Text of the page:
When you're walking down the aisles of a supermarket, it's not unusual to see fellow shoppers reading the information on the back of a food package, box or can. They might want to know how many calories are in the food, or they might be watching their sodium intake.
They could be trying to limit sugars and eat more dietary fiber. Or they could be parents trying to make the most nutritious choices for their children.
All this information is available thanks to an important addition to food packaging that was introduced to the American public 20 years ago: the Nutrition Facts label. This familiar rectangular box provides, in a standard format, important information about the nutritional content for most packaged foods, including breads, cereals, canned and frozen foods, snacks, desserts and drinks.
"It was revolutionary," says Jessica Leighton, Ph.D., senior nutrition science and policy advisor in FDA's Office of Foods and Veterinary Medicine. "For the first time, people had consistent information they need right at the point of purchase for the majority of packaged food products."
In the years since FDA issued the final rule for this labeling on Jan. 6, 1993, the Nutrition Facts label has influenced many companies to make their foods more healthful. Additionally, notes Claudine Kavanaugh, Ph.D.,M.P.H.,R.D., a scientist at the agency, "FDA was really a trailblazer in nutrition labeling. The Nutrition Facts label has been adapted by countries around the world that have chosen to mandate food labeling."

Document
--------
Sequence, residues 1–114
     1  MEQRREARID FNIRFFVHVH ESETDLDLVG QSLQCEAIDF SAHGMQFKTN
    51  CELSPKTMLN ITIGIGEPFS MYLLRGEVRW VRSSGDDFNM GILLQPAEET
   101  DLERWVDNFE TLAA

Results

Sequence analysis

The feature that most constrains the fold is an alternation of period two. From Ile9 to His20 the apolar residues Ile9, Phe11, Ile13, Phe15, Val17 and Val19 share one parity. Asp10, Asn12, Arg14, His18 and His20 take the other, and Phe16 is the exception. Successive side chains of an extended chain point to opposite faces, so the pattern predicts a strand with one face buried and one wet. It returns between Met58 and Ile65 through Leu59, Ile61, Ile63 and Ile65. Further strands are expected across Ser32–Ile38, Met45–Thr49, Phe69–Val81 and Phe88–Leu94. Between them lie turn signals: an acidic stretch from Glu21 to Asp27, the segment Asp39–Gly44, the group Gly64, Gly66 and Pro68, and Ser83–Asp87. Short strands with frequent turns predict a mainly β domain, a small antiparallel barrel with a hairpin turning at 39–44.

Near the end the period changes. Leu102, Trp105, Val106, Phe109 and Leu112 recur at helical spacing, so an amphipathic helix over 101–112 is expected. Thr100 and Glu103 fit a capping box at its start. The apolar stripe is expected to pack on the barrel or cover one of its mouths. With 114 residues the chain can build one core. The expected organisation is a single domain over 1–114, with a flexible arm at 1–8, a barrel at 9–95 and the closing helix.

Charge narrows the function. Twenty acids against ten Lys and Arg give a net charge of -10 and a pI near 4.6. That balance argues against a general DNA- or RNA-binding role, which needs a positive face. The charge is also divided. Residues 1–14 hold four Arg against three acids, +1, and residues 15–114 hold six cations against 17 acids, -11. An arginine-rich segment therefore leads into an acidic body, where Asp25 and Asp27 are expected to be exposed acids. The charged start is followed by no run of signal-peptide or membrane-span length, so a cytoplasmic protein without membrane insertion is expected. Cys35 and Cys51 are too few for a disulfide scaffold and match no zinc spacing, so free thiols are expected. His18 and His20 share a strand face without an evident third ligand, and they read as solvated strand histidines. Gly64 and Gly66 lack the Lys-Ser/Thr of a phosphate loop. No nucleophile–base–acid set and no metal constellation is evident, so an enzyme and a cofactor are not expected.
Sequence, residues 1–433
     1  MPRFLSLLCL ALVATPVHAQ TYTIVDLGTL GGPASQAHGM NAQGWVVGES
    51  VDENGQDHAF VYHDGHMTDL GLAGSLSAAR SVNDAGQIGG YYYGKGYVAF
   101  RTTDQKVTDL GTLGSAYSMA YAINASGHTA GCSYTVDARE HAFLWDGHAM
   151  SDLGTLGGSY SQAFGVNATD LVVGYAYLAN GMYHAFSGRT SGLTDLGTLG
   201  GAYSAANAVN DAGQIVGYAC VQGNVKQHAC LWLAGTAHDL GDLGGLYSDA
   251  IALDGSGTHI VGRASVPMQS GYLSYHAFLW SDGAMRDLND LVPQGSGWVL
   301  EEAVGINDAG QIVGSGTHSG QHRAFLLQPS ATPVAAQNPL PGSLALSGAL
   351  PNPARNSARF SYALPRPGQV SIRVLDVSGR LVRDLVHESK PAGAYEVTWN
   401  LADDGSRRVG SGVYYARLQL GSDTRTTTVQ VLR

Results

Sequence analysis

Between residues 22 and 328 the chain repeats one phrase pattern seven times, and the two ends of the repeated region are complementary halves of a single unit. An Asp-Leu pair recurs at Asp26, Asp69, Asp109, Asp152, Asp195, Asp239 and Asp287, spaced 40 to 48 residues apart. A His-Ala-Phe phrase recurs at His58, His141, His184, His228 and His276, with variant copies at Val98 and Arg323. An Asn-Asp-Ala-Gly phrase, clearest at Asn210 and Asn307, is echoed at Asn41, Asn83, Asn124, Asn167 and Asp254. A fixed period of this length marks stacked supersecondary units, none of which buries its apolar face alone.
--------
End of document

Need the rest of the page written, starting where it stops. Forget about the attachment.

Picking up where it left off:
The Nutrition Facts label was mandated after passage of the Nutrition Labeling and Education Act of 1990. Before it became standard practice, manufacturers provided nutritional information on a voluntary basis that wasn't consistent from product to product, explains Felicia Billingslea, M.S., director of FDA's food labeling and standards staff.
"The label is all about the attributes of the food," says Billingslea. "It's not to say that this is a good food or a bad food. It provides information that consumers can use and rely upon in developing healthful diets for themselves."
FDA survey data shows that use of the Nutrition Facts label has been increasing. In comparing the Health and Diet Survey conducted in 2002 with the most recent one conducted in 2008, the percentage of consumers reporting that they often use the label rose from 44 to 54 percent.
This usage has influenced many companies to change their ingredients to make the foods more healthful and thus more appealing to many consumers.
FDA cites as an example the decrease in consumption of trans fat, which has been linked to heart disease, primarily because of a decrease in manufacturers' use of partially hydrogenated oils. From the late 1990s to 2010, trans fat intake in adults decreased from 4.6 grams to 1.3 grams per day, with most of the reduction occurring after trans fat was added to the food label in 2003.
The agency is planning to update the Nutrition Facts label based on the latest science-based nutrition recommendations.
Paula Trumbo, Ph.D., acting director of FDA's nutrition programs staff explains that updates are being assessed to address such factors as current nutrient recommendations, public health concerns based on recent data on food consumption, and the agency's desire to make this information as clear and useful as possible.
The updates are still being formulated. Public input will be sought when they are proposed.
FDA public health educator Lisa Lubin, M.S., R.D., notes that the agency has extensive online resources to assist consumers in using the label at www.fda.gov/nutritioneducation , including:
An explanation of the meaning and use of each line of the Nutrition Facts label
Lubin says the label is important for both young and old. "Use of the label in childhood can be the foundation for a lifetime of healthful eating habits," she says, "It can also help reduce the risk of diseases that are common among older adults."